Big gulp no more in the Big Apple

The “sugar ban” in New York has stimulated a cacophony of misinformation, but as an individual living in America, all of these mixed signals on how people should feel should make Americans see only one thing dripping down that red, white and blue – sugar penetrating those freedom stripes.

Kevin Hawkiness, a two and a half year trainer director and fitness manager at X-Sport Fitness Center said, “The 16-ounce ban is not solving a problem. Why don’t we teach people why it’s bad and why it’s a health problem? What people want to drink is their choice.”

Unless further action is taken against “the ban,” that choice will be taken away in six months at fast-food restaurants, movie theaters, Broadway theaters, workplace cafeterias and places selling prepared foods, except for supermarkets and most convenient stores – unless you are willing to pay the fine.

The proposal is meant to give people a reason to stop at 16 ounces and change attitudes around our ravenous overindulgence in sugar and fat.

After Thursday’s 8-0 vote, with one board member abstaining from voting, Mayor Bloomberg tweeted: “NYC’s new sugary drink policy is the single biggest step any gov’t has taken to curb #obesity. It will help save lives.”

Some cannot seem to agree completely. “I think it’s great to stand up to these corporations who knowingly sell very unhealthy products, with the excuse that people should drink in moderation, but it doesn’t work like that. My foodie side tells me the ban is great, my political side says the government shouldn’t step into those boundaries … the government should create programs to inform us and educate society, so that civilians can make choices on their own,” said Edgar Coronado, 21, a New York chef.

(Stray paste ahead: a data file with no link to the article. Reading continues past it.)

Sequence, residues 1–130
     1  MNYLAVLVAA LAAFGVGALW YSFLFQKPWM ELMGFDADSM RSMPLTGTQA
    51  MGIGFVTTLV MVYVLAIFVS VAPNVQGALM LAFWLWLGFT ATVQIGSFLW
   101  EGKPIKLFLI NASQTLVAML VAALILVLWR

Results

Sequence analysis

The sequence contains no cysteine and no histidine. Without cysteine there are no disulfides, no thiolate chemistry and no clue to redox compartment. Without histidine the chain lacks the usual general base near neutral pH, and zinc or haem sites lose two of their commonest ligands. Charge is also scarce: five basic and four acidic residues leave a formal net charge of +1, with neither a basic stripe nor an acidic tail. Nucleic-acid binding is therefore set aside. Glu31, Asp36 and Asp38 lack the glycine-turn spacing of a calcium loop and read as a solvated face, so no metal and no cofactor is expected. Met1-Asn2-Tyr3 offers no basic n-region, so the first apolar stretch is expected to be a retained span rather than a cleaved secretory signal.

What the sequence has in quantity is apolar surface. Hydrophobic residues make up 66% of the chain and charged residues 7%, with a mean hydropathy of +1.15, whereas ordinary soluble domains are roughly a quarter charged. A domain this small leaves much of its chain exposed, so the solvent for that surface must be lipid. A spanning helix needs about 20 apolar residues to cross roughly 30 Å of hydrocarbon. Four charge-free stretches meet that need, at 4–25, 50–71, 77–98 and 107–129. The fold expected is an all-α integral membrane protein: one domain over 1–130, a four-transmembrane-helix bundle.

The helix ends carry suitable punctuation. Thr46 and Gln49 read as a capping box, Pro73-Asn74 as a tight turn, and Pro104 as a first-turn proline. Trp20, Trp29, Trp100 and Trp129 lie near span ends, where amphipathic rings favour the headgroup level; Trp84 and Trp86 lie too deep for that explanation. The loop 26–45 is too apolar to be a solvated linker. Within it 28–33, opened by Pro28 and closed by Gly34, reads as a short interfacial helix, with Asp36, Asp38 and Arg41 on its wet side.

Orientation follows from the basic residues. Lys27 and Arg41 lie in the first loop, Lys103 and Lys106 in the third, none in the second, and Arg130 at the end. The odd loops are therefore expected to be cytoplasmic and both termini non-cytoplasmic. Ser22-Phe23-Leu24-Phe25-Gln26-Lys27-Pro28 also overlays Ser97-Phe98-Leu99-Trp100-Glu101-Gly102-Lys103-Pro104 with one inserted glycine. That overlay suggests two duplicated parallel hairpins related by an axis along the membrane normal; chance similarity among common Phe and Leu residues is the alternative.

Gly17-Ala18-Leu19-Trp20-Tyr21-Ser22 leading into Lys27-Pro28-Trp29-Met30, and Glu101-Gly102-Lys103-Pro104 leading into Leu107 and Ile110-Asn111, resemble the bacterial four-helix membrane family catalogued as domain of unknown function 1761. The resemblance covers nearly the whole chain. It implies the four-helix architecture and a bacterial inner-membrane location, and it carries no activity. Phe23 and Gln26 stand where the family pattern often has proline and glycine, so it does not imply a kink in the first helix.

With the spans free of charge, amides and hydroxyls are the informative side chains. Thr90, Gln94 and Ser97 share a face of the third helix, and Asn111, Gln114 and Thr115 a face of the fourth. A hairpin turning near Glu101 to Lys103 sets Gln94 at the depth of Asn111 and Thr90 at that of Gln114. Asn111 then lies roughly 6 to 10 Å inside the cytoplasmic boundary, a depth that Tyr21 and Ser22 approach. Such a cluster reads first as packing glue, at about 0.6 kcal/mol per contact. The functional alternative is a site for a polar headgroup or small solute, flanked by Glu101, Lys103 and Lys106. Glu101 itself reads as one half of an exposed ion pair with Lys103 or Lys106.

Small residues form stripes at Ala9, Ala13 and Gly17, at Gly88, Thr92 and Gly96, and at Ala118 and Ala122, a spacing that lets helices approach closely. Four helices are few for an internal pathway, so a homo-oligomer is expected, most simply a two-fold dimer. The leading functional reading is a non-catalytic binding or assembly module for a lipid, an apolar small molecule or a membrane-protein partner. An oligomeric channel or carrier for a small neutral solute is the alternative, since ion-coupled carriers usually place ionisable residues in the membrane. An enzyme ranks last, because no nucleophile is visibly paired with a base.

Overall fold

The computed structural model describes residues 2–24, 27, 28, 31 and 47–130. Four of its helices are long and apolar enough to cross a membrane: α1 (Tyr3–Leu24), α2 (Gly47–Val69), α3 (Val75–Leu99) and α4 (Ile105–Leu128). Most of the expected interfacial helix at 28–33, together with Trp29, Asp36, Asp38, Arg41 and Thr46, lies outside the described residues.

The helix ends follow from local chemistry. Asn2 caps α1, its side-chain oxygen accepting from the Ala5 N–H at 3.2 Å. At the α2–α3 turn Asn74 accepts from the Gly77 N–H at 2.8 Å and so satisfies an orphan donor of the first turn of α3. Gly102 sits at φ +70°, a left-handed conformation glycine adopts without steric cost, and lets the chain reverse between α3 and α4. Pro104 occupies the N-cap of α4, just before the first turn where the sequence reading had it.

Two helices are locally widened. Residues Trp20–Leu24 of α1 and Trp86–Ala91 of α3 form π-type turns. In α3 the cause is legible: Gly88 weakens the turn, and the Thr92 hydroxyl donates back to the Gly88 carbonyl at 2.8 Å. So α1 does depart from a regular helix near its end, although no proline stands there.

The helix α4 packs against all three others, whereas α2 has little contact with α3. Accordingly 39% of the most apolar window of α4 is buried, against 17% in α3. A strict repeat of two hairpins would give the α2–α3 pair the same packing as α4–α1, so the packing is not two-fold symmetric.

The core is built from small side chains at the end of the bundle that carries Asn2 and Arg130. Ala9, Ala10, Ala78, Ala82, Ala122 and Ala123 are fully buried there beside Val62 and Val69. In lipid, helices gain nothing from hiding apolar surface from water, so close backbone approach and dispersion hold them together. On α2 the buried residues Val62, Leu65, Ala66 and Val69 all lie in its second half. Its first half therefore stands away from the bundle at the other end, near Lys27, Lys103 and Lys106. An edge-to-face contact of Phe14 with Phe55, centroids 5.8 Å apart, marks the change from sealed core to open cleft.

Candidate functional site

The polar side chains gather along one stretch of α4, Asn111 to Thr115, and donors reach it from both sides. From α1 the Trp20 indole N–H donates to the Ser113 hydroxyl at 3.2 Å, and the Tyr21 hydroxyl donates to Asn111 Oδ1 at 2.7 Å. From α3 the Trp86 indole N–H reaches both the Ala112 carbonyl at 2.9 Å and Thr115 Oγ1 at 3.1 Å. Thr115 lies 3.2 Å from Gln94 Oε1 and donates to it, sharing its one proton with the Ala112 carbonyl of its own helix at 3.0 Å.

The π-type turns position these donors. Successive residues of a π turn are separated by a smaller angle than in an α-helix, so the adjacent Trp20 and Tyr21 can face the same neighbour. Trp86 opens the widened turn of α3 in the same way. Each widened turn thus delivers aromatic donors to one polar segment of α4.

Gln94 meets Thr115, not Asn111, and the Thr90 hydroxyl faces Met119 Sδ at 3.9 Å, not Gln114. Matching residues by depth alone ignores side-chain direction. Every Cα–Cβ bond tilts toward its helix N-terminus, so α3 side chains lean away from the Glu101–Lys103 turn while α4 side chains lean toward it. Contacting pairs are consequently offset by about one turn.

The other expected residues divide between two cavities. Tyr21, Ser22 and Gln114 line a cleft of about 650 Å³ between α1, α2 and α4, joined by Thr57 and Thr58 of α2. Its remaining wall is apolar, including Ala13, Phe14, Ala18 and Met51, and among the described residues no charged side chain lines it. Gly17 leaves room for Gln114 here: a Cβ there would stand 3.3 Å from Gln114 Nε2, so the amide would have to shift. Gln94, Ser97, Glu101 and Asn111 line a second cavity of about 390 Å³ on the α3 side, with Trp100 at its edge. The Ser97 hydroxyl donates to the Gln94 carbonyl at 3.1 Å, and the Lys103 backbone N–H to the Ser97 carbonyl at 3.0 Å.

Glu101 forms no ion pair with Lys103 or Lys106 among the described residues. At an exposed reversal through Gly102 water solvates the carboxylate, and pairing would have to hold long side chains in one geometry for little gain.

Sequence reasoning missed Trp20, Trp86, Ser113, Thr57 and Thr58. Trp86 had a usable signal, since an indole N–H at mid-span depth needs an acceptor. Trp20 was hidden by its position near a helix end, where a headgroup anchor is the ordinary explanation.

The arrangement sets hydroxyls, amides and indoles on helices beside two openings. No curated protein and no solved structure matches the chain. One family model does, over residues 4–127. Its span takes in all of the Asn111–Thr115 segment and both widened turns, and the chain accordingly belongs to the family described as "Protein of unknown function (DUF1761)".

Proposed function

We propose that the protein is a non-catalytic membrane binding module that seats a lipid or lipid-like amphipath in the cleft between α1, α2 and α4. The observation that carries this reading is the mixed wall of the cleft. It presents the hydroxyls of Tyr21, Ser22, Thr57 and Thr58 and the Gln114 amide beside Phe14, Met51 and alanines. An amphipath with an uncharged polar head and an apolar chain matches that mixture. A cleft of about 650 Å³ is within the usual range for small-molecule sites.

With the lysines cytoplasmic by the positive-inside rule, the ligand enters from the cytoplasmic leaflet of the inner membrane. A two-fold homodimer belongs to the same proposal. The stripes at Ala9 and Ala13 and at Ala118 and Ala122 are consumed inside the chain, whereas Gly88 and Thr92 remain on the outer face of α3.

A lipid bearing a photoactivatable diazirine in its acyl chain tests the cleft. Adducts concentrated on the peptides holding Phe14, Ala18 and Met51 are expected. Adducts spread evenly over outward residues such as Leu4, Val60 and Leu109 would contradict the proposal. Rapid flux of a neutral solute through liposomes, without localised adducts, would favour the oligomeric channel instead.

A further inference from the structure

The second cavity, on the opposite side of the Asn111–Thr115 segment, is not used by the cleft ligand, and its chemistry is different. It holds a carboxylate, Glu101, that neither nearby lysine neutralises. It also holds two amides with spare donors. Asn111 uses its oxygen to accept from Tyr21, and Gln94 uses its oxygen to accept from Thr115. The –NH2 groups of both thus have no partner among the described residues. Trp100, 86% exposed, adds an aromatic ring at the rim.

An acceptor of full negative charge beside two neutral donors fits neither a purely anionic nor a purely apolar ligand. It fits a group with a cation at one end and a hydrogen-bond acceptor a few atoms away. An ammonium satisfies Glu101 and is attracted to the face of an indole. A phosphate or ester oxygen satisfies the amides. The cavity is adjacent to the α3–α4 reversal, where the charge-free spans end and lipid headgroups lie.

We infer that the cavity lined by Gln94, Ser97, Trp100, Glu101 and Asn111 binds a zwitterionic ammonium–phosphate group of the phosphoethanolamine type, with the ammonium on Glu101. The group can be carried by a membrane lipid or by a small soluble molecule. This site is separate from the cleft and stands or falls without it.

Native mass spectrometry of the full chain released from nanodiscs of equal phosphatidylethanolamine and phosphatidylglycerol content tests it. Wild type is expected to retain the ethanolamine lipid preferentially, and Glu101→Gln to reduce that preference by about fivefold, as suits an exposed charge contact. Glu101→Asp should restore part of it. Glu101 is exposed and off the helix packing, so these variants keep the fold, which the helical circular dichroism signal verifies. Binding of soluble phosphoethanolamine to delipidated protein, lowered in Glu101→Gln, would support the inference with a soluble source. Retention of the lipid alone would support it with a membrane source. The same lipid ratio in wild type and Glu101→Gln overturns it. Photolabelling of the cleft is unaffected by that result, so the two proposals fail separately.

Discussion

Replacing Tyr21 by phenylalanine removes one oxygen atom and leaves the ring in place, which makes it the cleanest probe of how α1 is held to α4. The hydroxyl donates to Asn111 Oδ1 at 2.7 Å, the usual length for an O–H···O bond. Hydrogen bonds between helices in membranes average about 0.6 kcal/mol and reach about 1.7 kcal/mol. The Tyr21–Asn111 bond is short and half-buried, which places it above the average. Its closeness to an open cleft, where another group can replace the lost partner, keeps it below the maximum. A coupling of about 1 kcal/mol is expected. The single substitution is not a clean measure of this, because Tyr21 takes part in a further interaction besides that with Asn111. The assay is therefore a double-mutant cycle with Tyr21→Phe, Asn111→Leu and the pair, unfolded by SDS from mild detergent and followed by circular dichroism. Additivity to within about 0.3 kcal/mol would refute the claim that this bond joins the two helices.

“If most of the population knew what exactly they are consuming, corporations would immediately make their products healthier, because they are only worried about the bottom line. The ban is a good step, but it’s not the ultimate solution.”

This is not the only source of action the city of New York has taken to curb our sugar high. Not so ironically enough, “The Big Apple” has also barred artificial trans fats from restaurants, taken aggressive measures against smoking and will also begin to give talks at hospitals to newborn mothers, encouraging them to choose breast-milk over formula.

The rule will omit drinks such as water, diet sodas, alcohol and unsweetened juices and will be enforced by the city’s existing city restaurant inspectors who are free to impose $200 fines if the rule is violated.

With opposition in every direction, the vote taken on Thursday will not likely be the final word.

Obviously soda makers are infuriated and so are citizens. Whichever way the rule is looked at, it is going to be in the headlines for a while, and why not?

Americans are infamous for their love affair with freedom and food. I guess we just have to realize that if we want it big, it will not come cheap.